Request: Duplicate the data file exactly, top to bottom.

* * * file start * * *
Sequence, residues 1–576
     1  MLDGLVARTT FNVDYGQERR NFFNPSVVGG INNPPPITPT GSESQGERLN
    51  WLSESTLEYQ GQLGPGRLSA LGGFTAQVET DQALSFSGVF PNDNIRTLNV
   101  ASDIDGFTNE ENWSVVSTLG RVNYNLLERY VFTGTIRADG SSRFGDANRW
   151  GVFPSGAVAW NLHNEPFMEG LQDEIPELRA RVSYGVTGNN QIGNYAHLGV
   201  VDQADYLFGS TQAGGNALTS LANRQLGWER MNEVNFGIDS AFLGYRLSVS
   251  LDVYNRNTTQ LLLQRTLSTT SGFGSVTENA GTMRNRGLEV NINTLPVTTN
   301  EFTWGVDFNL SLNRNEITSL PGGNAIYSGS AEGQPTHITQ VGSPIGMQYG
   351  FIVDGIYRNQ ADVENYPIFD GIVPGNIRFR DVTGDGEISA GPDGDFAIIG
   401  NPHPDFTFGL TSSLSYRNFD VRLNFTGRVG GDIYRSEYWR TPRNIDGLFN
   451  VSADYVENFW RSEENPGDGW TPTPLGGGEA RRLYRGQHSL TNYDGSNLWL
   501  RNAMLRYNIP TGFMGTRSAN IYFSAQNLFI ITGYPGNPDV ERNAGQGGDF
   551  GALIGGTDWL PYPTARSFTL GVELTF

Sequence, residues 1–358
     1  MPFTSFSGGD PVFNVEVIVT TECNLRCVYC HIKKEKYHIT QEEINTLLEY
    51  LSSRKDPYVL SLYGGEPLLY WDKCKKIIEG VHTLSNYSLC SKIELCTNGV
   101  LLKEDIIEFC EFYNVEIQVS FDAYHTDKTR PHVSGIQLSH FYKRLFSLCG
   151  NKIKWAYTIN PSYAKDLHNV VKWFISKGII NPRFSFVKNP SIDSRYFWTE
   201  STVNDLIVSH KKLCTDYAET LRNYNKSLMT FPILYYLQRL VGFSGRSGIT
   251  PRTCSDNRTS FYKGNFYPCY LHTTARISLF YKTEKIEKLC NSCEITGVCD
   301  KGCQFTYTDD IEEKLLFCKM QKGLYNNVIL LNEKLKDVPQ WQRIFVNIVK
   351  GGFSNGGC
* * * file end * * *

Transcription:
Sequence, residues 1–576
     1  MLDGLVARTT FNVDYGQERR NFFNPSVVGG INNPPPITPT GSESQGERLN
    51  WLSESTLEYQ GQLGPGRLSA LGGFTAQVET DQALSFSGVF PNDNIRTLNV
   101  ASDIDGFTNE ENWSVVSTLG RVNYNLLERY VFTGTIRADG SSRFGDANRW
   151  GVFPSGAVAW NLHNEPFMEG LQDEIPELRA RVSYGVTGNN QIGNYAHLGV
   201  VDQADYLFGS TQAGGNALTS LANRQLGWER MNEVNFGIDS AFLGYRLSVS
   251  LDVYNRNTTQ LLLQRTLSTT SGFGSVTENA GTMRNRGLEV NINTLPVTTN
   301  EFTWGVDFNL SLNRNEITSL PGGNAIYSGS AEGQPTHITQ VGSPIGMQYG
   351  FIVDGIYRNQ ADVENYPIFD GIVPGNIRFR DVTGDGEISA GPDGDFAIIG
   401  NPHPDFTFGL TSSLSYRNFD VRLNFTGRVG GDIYRSEYWR TPRNIDGLFN
   451  VSADYVENFW RSEENPGDGW TPTPLGGGEA RRLYRGQHSL TNYDGSNLWL
   501  RNAMLRYNIP TGFMGTRSAN IYFSAQNLFI ITGYPGNPDV ERNAGQGGDF
   551  GALIGGTDWL PYPTARSFTL GVELTF

Sequence, residues 1–358
     1  MPFTSFSGGD PVFNVEVIVT TECNLRCVYC HIKKEKYHIT QEEINTLLEY
    51  LSSRKDPYVL SLYGGEPLLY WDKCKKIIEG VHTLSNYSLC SKIELCTNGV
   101  LLKEDIIEFC EFYNVEIQVS FDAYHTDKTR PHVSGIQLSH FYKRLFSLCG
   151  NKIKWAYTIN PSYAKDLHNV VKWFISKGII NPRFSFVKNP SIDSRYFWTE
   201  STVNDLIVSH KKLCTDYAET LRNYNKSLMT FPILYYLQRL VGFSGRSGIT
   251  PRTCSDNRTS FYKGNFYPCY LHTTARISLF YKTEKIEKLC NSCEITGVCD
   301  KGCQFTYTDD IEEKLLFCKM QKGLYNNVIL LNEKLKDVPQ WQRIFVNIVK
   351  GGFSNGGC